However, ultimately, all of the same guidelines still apply. Be sure it’s clear to your audience, one way or another, that you’re acting as an affiliate with any product you’re promoting in your emails.

Can you post affiliate links on Facebook?

Yes, you’re permitted to post affiliate links on personal Facebook posts, Business Page posts, and Facebook Group posts (unless this is against a Group’s rules). The only place where affiliate links aren’t allowed is Facebook Ads – which is why most affiliates on Facebook Ads will send traffic to an affiliate bridge page.

How do you disclose affiliate links on Medium?

Another common place where content creators may add affiliate links is in their articles on the blogging site Medium. Medium does allow affiliate links, but the site is still a huge stickler about disclosing it if you’re acting as an affiliate.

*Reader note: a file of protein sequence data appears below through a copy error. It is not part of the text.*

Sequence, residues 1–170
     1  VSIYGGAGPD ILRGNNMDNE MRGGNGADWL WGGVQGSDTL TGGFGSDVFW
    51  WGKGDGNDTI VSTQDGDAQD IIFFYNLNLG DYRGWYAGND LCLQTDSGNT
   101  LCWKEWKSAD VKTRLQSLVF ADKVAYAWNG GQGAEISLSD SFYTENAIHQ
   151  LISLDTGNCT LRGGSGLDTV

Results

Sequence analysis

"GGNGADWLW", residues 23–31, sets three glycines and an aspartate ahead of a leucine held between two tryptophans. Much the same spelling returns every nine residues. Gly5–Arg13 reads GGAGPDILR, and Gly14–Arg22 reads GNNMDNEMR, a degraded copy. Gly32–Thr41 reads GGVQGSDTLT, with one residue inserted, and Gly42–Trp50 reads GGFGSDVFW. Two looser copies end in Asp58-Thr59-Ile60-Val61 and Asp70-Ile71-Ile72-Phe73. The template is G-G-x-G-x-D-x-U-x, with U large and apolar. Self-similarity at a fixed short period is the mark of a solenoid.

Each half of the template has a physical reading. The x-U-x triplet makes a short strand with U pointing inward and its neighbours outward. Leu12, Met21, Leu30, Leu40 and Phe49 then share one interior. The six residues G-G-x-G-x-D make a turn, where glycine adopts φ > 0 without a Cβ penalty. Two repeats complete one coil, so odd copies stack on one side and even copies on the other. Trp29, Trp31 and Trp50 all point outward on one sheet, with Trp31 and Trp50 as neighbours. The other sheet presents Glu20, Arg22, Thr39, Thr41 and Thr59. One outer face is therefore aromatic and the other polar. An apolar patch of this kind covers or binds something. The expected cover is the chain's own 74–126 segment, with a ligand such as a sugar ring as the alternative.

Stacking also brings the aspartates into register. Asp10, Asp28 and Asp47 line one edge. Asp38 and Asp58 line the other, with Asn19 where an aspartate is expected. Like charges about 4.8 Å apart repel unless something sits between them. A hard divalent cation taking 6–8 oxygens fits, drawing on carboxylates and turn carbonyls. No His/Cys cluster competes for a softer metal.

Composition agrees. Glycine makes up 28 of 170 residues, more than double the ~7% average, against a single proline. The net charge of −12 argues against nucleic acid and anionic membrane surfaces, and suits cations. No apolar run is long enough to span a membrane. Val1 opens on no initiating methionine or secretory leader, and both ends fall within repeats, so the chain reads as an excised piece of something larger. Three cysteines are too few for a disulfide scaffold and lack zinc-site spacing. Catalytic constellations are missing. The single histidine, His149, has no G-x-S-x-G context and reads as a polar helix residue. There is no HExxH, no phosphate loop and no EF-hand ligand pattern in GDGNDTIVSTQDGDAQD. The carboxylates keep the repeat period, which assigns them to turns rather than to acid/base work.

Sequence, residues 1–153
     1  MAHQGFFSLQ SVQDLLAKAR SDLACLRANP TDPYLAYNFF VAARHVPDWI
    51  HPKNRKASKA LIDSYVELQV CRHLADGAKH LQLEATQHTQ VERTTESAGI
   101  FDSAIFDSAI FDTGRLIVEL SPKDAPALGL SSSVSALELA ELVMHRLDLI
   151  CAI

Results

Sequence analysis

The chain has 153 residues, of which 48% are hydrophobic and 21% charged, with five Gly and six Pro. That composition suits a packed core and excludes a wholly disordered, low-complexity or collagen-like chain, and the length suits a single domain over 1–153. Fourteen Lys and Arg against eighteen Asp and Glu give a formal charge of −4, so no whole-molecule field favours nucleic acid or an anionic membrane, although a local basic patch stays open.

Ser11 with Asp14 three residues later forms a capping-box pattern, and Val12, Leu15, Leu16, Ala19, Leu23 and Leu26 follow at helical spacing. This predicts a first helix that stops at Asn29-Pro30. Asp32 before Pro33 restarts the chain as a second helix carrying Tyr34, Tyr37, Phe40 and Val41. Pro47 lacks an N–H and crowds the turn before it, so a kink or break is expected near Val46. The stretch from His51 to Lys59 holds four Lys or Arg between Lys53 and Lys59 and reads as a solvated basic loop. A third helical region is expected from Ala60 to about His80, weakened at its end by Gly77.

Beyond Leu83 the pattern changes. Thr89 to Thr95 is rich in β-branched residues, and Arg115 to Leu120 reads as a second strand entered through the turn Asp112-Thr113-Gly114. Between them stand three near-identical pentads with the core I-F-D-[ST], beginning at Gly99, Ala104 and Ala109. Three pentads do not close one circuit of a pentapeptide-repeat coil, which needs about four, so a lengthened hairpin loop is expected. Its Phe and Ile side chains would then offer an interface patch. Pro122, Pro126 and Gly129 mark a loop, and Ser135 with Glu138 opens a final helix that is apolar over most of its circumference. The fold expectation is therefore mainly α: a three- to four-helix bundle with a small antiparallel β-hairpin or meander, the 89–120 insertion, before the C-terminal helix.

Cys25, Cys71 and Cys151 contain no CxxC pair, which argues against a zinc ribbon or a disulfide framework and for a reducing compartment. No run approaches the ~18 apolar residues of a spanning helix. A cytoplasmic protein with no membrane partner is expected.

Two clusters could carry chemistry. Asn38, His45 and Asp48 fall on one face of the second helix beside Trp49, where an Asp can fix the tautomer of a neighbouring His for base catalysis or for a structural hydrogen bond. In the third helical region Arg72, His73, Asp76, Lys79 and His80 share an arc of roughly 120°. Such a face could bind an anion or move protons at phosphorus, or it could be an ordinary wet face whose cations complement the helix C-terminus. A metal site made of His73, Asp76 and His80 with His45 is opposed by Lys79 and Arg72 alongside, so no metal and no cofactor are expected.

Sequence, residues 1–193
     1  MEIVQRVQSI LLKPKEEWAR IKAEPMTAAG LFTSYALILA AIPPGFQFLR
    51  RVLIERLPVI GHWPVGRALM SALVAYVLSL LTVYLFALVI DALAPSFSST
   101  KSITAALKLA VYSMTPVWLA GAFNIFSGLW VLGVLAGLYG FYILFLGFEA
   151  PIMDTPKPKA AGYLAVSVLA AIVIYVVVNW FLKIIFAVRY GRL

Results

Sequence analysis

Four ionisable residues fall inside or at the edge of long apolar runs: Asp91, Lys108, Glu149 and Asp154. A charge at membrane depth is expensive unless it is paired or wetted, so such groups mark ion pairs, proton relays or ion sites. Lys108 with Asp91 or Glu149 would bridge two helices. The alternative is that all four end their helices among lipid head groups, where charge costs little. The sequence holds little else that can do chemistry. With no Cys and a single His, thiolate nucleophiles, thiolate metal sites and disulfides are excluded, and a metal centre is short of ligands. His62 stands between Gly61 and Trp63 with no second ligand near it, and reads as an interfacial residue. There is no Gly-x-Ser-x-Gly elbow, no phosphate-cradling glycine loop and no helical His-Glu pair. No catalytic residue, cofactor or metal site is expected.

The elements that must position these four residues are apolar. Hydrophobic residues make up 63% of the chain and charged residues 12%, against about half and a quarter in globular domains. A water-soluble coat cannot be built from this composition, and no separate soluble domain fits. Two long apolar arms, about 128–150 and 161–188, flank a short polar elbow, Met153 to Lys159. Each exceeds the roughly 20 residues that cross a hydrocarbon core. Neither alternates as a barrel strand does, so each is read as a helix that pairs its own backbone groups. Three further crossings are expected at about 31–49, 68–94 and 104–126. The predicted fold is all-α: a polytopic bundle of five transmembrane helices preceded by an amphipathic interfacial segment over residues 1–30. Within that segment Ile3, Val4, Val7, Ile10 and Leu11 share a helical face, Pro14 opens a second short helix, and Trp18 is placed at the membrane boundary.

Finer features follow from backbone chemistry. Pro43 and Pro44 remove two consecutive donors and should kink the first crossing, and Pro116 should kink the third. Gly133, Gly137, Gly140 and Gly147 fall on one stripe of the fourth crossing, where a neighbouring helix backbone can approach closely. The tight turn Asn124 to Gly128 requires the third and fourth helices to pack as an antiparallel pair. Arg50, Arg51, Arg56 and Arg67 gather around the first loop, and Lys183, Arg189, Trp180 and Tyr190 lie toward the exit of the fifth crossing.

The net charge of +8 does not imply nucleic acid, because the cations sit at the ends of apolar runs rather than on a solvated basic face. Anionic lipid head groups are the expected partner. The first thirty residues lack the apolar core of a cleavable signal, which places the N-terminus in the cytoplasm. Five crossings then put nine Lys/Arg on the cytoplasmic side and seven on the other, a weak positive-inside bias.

According to Medium Policy: “You must disclose somewhere in the post that it includes affiliate links. If you have received payment, goods or services, or something else of value in exchange for writing a post, you must still disclose this fact in writing within your post (as per FTC Rules and Guides).” 

Affiliate Link Disclosures Wrap-up

To summarize our affiliate disclosure guide, here’s the bottom line:

If you’re reviewing or endorsing a product or brand that’s compensating you in an owned marketing channel online – then you need to disclose this fact to your audience.

If it’s obvious that something is an ad, then no disclosure is necessary – but in the event of a gray area where it’s not 100% clear whether you need a disclosure, err on the side of caution. Ultimately, it’s YOUR job as an affiliate to follow the rules on disclosure to stay on the right side of the law, protect your reputation, and build a business you can be proud of!

For more information on affiliate marketing, visit the Spark by ClickBank education platform and fast-track your affiliate journey today!